Winfat Enterprise (Hong Kong) Co Ltd v Attorney-General of Hong Kong: PC 1985

The power to make laws for ‘peace, order and good government’ was widely recognised. Section 15 of New Territories Land Court Ordinance 1900 provided: ‘All land in the New Territories is hereby declared to be the property of the Crown . . ‘. It deemed the occupiers to be trespassers unless their occupation was authorised by the Crown. This replaced Chinese customary tenure, which was assignable and heritable. One of the issues in the case was whether that customary interest survived so that a developer whose land was being acquired for a price below its market value, could rely on it. It was held that the land vested in the Crown under that wide declaratory power.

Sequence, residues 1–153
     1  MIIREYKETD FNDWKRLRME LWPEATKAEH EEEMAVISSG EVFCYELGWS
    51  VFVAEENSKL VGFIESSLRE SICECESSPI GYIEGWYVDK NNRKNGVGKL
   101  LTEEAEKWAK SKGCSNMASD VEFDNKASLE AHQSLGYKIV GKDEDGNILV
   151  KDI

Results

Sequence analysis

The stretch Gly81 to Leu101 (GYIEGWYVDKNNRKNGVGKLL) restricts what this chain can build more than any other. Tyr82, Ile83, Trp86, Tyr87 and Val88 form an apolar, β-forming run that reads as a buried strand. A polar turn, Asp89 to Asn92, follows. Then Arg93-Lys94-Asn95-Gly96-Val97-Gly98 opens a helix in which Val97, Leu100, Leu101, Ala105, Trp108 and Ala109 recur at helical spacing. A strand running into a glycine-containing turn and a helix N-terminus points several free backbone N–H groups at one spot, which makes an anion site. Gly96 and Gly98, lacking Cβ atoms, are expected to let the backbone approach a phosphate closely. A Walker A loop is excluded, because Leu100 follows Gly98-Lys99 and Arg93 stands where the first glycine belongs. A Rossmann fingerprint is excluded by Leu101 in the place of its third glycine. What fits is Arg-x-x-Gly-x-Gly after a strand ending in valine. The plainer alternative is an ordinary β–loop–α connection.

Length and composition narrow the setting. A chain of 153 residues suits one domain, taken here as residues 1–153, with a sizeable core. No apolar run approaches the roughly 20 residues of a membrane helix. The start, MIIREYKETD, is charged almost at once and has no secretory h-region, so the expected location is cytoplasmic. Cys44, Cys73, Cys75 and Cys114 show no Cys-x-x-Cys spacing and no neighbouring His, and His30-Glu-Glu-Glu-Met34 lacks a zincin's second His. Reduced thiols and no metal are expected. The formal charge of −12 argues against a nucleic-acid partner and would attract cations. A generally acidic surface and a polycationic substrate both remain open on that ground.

[1985] AC 733


England and Wales

Cited by:

CitedChagos Islanders v The Attorney General, Her Majesty’s British Indian Ocean Territory Commissioner QBD 9-Oct-2003
The Chagos Islands had been a British dependent territory since 1814. The British government repatriated the islanders in the 1960s, and the Ilois now sought damages for their wrongful displacement, misfeasance, deceit, negligence and to establish a . .
Lists of cited by and citing cases may be incomplete.


Updated: 12 May 2022; Ref: scu.186647